As we prepare for the New Year many traditions come to mind. I know that in my house we prepare the Black-Eyed Peas and the Greens to be a part of the first meal of the New Year, but for the first time someone I knew was unfamiliar with the tradition.
So I tried my hardest to explain why we do so, giving the whole, “We do it for good luck and money!” response. That did not satisfy my friend’s curiosity neither did it satisfy my own, so I looked it up and thought I would share what I found with my Fabulous! GospelFab! Family.
There are several New Year’s Traditions. In Spain and Mexico, the New Year’s tradition is to eat 12 grapes at the stroke of midnight as the New Year dawns. In the Philippines, food stays on the table from the old year to the new to ensure a plentiful table all year.
In Japan, it’s soba noodles for a long life. In the Southern region of America (however I think it may be beyond that region–you tell me since technically I live below the Mason Dixon Line), for luck and money, it’s black-eyed peas and greens on New Year’s Day.
So why Black-Eyed peas? Black-eyed peas, sometimes called cowpeas, likely came to the United States via the West African slave trade. Africa however, whether the source of their provenance or not, certainly seems to be the location from which they were introduced to America, for it was the slave trade that prompted the black-eyed peas’ transatlantic journey. Black-eyed peas subsequently became popular throughout the West Indies and the American south and thus became a regular fixture in southern cuisine and soul food.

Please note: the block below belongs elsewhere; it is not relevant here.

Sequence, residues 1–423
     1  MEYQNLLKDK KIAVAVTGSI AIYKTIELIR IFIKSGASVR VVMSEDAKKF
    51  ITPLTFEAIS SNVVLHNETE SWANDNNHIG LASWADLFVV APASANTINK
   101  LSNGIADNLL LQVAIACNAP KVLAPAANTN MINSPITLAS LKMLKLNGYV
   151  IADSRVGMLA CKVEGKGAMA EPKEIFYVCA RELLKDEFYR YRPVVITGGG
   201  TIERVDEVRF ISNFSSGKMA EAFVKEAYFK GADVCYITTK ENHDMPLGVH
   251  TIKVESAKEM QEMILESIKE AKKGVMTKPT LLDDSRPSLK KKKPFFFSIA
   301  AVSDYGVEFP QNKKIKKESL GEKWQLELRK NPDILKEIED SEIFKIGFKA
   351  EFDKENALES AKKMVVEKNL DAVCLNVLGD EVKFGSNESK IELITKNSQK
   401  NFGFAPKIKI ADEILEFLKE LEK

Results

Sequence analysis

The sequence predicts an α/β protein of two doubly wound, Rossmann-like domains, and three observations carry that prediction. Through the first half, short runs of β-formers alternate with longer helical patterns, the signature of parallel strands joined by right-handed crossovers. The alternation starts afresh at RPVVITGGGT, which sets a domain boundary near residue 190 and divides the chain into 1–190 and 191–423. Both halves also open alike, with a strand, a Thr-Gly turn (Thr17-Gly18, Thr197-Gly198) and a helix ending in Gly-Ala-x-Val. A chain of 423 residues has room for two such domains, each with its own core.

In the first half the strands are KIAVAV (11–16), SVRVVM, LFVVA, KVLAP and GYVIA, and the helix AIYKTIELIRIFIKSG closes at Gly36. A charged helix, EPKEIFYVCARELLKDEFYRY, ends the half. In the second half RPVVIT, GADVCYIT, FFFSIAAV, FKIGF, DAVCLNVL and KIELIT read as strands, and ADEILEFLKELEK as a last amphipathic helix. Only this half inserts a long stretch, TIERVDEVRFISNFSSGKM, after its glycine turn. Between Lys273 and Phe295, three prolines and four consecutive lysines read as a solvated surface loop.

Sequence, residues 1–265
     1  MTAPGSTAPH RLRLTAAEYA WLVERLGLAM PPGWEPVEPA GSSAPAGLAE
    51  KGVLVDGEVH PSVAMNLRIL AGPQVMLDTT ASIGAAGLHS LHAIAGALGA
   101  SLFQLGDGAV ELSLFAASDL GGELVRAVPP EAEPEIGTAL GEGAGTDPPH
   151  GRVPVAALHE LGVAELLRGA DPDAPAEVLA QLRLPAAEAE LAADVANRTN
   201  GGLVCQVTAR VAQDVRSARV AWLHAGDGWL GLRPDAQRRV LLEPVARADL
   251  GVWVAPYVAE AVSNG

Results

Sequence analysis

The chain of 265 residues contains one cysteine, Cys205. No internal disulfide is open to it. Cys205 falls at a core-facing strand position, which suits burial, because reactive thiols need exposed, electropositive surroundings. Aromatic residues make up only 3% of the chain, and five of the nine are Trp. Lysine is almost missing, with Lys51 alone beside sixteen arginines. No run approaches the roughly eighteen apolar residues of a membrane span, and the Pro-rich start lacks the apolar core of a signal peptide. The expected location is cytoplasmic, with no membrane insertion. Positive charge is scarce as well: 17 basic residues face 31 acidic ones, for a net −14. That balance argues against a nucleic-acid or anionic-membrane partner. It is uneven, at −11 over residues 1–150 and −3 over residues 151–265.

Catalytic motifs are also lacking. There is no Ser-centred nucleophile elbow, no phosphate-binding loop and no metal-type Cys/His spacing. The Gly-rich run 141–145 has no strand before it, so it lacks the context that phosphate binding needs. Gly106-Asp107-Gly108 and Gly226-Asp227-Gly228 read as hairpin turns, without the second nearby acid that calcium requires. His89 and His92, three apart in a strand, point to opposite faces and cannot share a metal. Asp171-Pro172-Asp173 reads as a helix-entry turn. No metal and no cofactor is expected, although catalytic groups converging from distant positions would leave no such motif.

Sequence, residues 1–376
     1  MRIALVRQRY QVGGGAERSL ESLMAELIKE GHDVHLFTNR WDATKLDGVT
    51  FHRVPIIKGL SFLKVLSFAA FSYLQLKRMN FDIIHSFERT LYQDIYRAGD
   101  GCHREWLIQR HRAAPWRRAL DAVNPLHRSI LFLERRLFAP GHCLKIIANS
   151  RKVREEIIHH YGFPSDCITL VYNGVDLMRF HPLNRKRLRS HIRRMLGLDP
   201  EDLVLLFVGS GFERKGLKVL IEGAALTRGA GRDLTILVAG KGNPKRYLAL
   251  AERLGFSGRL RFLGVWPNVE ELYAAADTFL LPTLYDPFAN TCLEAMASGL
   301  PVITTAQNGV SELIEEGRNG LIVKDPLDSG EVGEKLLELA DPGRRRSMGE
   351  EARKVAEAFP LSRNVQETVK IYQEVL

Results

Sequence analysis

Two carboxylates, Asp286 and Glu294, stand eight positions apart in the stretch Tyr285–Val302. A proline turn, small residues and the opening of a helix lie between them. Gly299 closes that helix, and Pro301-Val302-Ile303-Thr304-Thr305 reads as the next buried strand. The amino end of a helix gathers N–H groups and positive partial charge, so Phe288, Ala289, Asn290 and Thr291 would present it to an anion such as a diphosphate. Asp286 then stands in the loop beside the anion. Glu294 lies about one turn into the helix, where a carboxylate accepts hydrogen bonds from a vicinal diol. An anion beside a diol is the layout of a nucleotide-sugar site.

The Southern tradition of eating black-eyed peas and greens for good luck on New Year’s Day came about during the Civil War, according to foodreference.com.
The beans were originally grown for animal feed, then as a staple for slaves. Union troops rampaging through the Confederate states toward the end of the war stole livestock and food and burned crops, but they left the peas alone because they weren’t considered fit for eating. Hungry Southerners proved them wrong.
From other sources interestingly, the belief that black-eyed peas are a symbol of good luck in the New Year originates in the Babylonian Talmud from the early centuries AD. A Talmud is a compilation of rabbinical discussions outlining Jewish law. There is evidence that Jewish immigrants to the American south were another source of proliferation of the black-eyed pea. And while everyone’s jumping on the black-eyed pea credit bandwagon, let’s acknowledge the Union soldiers too, though not out of benevolent intentions. It was not uncommon for Union soldiers, after conquering an area of land, to destroy or steal the crops. The Yanks however, considered common beans, peas and corn inferior products, suitable only for animal fodder. Subsequently, these items were often sparred depredation. This oversight, in addition to helping sustain the southern population, allowed for the continued popularity of black-eyed peas.
The peas also symbolize coins and the collard or turnip greens traditionally served with them represent paper money.
Other sources say that until after World War I, the tradition was kept mostly by the poor, because the middle class equated the peas with poverty and hardship.
So with my curiosity now satisfied, there you have it: A New Years tradition that stems from centuries old Jewish tradition, the evils of slavery, and the ignorance of the Union army. Who could have possibly conceived that such a bizarre compilation of forces could foster a such a tradition? And don’t get it twisted, this tradition of superstition and well wishes is not just a black thing!
Have a Fab! New Year, much love GospelFab! Girl